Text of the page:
Critics who last year knocked John Corrigan for paying too much to borrow on the markets should eat humble pie today.
In July, Corrigan's NTMA had to pony up by committing to a hefty yield of 5.85pc for the first five-year bonds issued since the 2010 bailout.
The price drew criticism in some quarters because it was seen as expensive compared to the 3.5pc being charged by the eurozone bailout funds.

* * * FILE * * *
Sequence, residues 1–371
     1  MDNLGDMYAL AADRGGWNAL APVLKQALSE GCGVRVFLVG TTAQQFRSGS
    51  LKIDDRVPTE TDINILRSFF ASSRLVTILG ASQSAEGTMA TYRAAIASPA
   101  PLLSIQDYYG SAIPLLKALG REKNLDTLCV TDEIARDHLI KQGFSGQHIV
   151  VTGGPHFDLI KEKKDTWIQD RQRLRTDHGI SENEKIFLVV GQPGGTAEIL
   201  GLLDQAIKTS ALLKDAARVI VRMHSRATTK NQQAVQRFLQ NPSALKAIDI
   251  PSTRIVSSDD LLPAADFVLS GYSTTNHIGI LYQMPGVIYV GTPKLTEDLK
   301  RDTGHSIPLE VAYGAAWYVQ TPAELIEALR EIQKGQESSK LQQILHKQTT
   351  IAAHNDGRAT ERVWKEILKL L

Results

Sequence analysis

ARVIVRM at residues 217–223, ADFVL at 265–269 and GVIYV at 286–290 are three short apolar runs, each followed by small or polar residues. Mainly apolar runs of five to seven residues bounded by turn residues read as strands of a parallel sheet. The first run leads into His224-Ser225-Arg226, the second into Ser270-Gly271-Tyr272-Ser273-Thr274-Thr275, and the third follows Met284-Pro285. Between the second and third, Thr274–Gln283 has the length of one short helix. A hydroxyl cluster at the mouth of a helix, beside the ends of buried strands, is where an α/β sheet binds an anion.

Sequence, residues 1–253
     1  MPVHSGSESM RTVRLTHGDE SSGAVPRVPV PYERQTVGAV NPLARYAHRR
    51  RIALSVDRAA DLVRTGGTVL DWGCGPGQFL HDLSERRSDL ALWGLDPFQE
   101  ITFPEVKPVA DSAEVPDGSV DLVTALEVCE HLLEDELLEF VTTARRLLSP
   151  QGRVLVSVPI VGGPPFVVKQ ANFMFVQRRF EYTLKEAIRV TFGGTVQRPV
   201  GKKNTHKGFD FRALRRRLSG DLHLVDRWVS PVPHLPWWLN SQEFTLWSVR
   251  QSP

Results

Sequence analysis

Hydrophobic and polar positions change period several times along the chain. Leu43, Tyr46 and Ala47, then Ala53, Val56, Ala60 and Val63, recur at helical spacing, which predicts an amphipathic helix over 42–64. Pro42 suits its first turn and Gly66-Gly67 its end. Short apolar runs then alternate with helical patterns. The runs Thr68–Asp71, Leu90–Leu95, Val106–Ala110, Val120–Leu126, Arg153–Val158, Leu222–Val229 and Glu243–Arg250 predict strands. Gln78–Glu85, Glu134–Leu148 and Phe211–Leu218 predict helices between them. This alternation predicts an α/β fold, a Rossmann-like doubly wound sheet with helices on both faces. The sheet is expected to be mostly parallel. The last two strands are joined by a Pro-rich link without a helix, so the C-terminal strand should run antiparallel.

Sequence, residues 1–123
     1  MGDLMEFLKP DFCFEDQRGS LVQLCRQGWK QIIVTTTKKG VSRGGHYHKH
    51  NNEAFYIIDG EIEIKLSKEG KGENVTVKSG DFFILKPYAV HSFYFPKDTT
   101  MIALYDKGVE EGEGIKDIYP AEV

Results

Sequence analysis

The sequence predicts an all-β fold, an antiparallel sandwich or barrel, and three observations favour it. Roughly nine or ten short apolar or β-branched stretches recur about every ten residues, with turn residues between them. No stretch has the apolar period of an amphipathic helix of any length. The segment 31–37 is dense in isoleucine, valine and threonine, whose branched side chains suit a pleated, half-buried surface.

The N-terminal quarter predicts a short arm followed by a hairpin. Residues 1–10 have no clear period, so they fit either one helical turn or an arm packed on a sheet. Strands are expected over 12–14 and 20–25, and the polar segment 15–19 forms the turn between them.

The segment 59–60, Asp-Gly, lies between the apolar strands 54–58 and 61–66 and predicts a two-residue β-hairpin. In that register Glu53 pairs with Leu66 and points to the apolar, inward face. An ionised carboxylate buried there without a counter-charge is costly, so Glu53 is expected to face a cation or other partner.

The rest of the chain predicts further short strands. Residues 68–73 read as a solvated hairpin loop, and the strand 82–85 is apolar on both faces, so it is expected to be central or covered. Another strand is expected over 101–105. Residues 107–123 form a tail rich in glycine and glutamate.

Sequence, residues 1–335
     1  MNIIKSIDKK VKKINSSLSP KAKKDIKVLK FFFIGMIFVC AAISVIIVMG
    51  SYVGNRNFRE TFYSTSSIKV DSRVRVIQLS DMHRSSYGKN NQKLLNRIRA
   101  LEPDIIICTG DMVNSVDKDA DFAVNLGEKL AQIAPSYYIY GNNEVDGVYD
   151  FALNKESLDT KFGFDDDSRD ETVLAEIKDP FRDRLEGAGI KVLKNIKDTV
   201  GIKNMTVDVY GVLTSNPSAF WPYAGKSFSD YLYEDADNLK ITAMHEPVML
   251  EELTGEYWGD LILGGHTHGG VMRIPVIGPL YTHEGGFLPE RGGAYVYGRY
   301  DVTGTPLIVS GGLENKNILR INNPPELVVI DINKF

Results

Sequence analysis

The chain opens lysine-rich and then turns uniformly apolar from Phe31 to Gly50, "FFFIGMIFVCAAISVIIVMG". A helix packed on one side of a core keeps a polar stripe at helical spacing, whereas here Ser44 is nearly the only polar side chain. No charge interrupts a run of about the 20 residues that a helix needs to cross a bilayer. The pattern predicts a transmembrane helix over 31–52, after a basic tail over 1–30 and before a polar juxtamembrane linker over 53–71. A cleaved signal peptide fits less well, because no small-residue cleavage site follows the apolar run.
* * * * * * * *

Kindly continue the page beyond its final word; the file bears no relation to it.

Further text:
The National Treasury Management Agency has always insisted that a premium had to be paid to win back investors, and that yields would fall in time. Six months later, that view is set to be borne out in some style.
The Punt expects the State to borrow five-year money at closer to 3.3pc today.
Less than headline bailout rate, and hugely below the level paid just six months ago.